- How are national and international standards and product certification initiatives for new connected technologies developing?
- What is the potential for AI and machine learning to detect, prevent and predict cyber-attacks?
- To what extent will privacy and security concerns affect the proliferation of these technologies?
Session Four | Privacy, Security and Personal Data
Businesses hold vast amounts of data and personal information on consumers and citizens. The exchange and flow of this information is vital to the functioning of the internet and key to the value and success of the world’s leading technology companies, driving the growth of the online economy. Although encryption technologies are key to securing privacy, increasing state surveillance and the rise of ethical and criminal hacking means privacy is being challenged. In response to this, regulators across different jurisdictions have been changing the rules on how data is processed, accessed, stored and shared. This session will assess how data regulation can be balanced in a way that is acceptable to citizens and regulators while ensuring ease of data flow and transfer. It will also address the practical implications for companies dealing with a changing regulatory landscape.
- How is data regulation changing the way businesses operate? How can increasingly divergent and potentially conflicting rules and regulatory systems be navigated?
- What measures do companies now need to take to ensure the safety of their customers and their data? What new tools are there to secure an individual’s personal data?
- As the volume and value of personal data held by companies continues to grow, how can companies manage issues of trust and transparency?
- How can the need for data privacy and national and commercial security be balanced?
- What are the risks to businesses of increasingly strict data localization requirements?
- What consideration should be given on how to manage the vast amounts of data that will be collected through growth in IoT technologies?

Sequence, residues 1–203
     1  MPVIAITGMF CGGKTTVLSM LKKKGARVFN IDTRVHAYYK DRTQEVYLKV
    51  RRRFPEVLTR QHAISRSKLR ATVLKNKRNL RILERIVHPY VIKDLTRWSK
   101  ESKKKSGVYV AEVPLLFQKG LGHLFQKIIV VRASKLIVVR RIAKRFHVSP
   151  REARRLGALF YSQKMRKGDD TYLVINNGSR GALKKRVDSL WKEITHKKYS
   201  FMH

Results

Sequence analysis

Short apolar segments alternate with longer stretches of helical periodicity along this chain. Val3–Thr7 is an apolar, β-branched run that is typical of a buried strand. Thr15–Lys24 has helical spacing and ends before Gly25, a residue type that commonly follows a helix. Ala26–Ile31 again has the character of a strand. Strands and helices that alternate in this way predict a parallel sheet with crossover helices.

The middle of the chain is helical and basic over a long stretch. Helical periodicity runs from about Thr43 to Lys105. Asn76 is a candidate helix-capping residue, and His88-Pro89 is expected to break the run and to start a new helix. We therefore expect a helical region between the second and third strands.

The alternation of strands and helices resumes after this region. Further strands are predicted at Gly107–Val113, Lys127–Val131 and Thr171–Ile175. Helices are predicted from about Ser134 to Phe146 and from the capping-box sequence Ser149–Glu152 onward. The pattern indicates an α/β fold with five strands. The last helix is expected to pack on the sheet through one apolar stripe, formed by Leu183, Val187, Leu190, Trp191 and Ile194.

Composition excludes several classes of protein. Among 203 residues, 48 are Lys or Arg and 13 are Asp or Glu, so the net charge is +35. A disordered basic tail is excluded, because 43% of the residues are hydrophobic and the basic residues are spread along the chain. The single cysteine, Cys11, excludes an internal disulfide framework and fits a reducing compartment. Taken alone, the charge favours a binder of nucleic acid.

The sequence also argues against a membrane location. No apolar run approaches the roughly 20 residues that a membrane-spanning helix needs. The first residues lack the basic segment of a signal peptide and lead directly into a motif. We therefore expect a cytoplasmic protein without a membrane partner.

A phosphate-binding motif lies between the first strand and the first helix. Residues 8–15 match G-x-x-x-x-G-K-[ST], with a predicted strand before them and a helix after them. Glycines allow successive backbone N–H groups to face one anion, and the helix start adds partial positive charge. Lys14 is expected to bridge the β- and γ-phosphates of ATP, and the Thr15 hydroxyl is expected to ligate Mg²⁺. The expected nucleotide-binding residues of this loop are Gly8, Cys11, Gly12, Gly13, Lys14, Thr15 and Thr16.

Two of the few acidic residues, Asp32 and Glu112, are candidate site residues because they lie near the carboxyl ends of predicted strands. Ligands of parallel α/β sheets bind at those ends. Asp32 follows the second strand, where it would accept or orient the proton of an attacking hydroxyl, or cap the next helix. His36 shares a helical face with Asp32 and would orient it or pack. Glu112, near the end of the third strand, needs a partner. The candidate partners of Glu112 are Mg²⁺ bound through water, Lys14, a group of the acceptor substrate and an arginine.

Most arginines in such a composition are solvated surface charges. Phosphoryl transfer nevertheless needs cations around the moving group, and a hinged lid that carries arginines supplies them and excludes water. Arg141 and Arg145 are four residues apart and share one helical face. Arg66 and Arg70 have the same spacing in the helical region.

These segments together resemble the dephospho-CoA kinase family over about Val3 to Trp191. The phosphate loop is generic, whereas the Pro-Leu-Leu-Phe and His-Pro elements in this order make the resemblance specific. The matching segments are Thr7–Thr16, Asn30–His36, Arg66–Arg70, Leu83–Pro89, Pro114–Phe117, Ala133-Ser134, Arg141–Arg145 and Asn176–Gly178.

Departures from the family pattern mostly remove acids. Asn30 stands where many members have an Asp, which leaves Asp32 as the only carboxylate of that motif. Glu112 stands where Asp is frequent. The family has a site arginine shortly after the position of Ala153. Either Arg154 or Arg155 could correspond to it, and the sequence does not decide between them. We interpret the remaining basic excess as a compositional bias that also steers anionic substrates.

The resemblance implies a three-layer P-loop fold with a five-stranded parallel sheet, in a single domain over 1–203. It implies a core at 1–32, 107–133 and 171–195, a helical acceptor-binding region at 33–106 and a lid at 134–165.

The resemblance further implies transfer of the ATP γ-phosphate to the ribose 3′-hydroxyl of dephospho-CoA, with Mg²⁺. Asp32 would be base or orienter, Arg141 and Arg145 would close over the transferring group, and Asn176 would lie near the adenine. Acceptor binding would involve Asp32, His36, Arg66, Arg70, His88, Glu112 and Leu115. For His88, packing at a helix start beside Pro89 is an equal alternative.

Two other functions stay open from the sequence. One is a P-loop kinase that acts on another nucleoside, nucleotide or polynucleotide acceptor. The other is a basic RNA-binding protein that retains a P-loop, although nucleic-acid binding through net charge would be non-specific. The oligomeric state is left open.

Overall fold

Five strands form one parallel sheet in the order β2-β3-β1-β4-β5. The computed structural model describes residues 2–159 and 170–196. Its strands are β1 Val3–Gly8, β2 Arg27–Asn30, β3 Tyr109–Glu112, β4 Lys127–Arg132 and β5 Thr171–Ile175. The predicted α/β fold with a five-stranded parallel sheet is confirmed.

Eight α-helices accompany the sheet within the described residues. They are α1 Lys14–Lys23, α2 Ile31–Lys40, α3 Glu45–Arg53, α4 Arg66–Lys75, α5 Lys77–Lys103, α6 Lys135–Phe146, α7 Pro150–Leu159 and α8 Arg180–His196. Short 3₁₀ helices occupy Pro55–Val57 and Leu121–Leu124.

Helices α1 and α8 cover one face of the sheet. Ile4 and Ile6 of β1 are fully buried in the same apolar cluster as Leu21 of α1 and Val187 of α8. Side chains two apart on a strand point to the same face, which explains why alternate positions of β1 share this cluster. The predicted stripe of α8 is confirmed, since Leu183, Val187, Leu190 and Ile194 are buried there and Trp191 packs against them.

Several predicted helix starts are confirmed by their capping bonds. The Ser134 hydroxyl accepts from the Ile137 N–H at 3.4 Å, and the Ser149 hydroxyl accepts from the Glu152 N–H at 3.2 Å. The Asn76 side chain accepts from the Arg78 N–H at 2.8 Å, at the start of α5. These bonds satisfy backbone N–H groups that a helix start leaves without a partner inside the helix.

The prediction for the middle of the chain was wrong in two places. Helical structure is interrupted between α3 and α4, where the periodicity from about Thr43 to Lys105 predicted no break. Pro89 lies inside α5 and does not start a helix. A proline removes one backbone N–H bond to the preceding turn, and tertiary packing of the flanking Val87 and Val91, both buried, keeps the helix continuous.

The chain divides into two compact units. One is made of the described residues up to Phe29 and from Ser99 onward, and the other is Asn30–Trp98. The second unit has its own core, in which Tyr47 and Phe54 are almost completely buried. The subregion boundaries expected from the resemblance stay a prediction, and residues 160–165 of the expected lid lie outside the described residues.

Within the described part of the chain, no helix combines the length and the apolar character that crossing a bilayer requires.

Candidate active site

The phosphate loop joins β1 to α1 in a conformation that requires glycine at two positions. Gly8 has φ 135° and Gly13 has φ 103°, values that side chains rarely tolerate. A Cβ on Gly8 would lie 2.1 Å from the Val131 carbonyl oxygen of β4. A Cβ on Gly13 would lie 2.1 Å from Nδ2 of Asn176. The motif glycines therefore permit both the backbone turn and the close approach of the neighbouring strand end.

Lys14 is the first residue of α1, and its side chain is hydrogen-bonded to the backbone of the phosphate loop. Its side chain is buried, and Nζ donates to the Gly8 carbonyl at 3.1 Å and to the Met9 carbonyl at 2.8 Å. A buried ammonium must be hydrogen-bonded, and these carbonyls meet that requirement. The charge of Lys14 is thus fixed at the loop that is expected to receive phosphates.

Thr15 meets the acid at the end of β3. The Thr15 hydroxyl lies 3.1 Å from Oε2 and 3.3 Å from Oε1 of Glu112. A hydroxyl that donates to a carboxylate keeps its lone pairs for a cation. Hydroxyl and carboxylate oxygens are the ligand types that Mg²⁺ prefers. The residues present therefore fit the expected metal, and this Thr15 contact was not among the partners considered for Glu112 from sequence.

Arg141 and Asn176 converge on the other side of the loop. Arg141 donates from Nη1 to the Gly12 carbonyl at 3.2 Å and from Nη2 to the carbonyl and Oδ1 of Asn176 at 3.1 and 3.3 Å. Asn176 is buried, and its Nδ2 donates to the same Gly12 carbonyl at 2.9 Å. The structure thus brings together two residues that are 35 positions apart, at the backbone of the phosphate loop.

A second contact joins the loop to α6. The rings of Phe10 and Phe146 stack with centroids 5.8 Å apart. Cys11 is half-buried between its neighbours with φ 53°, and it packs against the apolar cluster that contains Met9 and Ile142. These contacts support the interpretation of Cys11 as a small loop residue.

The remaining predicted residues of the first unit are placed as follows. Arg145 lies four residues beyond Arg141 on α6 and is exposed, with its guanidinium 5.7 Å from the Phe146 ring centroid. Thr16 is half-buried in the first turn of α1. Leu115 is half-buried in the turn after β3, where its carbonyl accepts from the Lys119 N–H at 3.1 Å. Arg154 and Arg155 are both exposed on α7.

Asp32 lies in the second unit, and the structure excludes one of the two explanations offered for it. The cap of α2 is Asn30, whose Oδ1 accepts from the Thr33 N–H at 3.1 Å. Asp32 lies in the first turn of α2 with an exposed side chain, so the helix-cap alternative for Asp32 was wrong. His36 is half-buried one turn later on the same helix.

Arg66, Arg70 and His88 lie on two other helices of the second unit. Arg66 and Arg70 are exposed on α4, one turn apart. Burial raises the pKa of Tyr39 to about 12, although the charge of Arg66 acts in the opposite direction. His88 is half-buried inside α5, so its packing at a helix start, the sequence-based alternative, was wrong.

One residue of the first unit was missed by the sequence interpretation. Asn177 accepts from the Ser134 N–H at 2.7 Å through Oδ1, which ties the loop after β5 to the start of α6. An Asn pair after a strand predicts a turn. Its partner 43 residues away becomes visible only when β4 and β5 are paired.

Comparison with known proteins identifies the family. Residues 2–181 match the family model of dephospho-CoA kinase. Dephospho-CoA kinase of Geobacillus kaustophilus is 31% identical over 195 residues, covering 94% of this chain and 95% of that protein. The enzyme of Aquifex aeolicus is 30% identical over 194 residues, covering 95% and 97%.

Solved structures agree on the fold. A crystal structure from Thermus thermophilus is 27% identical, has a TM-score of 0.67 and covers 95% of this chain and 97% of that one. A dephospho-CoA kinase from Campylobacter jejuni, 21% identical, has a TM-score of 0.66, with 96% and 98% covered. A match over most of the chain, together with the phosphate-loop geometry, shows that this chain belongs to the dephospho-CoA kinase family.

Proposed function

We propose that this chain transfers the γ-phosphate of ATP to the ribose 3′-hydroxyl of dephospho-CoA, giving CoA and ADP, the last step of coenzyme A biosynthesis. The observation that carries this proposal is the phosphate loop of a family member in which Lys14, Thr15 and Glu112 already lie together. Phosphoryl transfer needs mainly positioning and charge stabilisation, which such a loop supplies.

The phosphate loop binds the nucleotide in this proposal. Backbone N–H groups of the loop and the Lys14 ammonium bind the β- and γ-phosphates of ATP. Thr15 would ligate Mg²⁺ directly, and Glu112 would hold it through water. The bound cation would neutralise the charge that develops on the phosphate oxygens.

1730 End of day one and reception hosted by Chatham House
Friday 29 June
Session Five | Cyber Risk and Defence
Organizations are increasingly cyber reliant, interconnected and vulnerable to potentially damaging shocks caused by attacks and cyber breaches. Given increasing levels of connection and convergence, organizations face challenges not only to secure systems, data and intellectual property, but also in understanding how their assets form part of the wider digital environment in which they operate. This session will assess strategies being deployed to manage cyber risk and explore what more can be done to increase cyber resilience.
- What is the potential for new technologies or approaches to revolutionize cyber security?
- How can penetration testing best be incorporated into security systems? How can independent researchers be incentivized to disclose vulnerabilities responsibly?
- How can cyber risk be effectively quantified and insured against?
- In what way could the emergence of cyber insurance for individuals alter the dynamics of risk?
Session Six | Approaches to Cyber Crisis Management
Organizations are becoming increasingly aware that they must operate on the basis that it is not possible to defend against, or even identify, every attack or cyber breach. Cyber security management strategies must now include detailed processes and contingencies for when something goes wrong. In reality, there is often little planning for dealing with the immediate fallout and longer-term consequences of such attacks. This session will explore strategic approaches to cyber crisis management and ask what needs to be done to improve cyber crisis management practices.
- Given the ever increasing scale and cost of attacks, does cyber defence even deter at all? Is there too much emphasis on cyber deterrence and defence?
- What are organizations doing to plan for when the worst happens? What is the right approach to developing cyber incident response plans?
- Do senior leaders in business have sufficient understanding of cyber security to provide effective oversight? How are leadership structures changing to respond to cyber threats?
- What can we learn from recent high-profile cyber attacks on major organizations and how they have been handled?
1300 End of conference
© The Royal Institute of International Affairs 2018
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EARLY RATE (+VAT):
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AFTER 27 APRIL
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The Chatham House Rule
To enable as open a debate as possible, this event will be held under the Chatham House Rule.